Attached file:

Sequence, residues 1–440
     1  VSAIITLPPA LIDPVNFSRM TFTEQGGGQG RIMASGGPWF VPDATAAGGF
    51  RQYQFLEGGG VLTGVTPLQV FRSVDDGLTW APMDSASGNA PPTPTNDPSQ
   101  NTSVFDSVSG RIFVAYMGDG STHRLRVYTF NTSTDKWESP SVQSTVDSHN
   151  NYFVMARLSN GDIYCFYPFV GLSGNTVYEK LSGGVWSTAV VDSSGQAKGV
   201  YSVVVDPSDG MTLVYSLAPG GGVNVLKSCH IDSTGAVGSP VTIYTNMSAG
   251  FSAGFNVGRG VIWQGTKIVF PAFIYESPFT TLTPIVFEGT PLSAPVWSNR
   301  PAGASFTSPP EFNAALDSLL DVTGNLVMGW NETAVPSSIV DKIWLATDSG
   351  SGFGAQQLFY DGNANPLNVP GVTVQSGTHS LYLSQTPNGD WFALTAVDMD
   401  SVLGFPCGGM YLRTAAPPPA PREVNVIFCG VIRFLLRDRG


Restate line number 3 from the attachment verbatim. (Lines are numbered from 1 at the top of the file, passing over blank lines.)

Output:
    51  RQYQFLEGGG VLTGVTPLQV FRSVDDGLTW APMDSASGNA PPTPTNDPSQ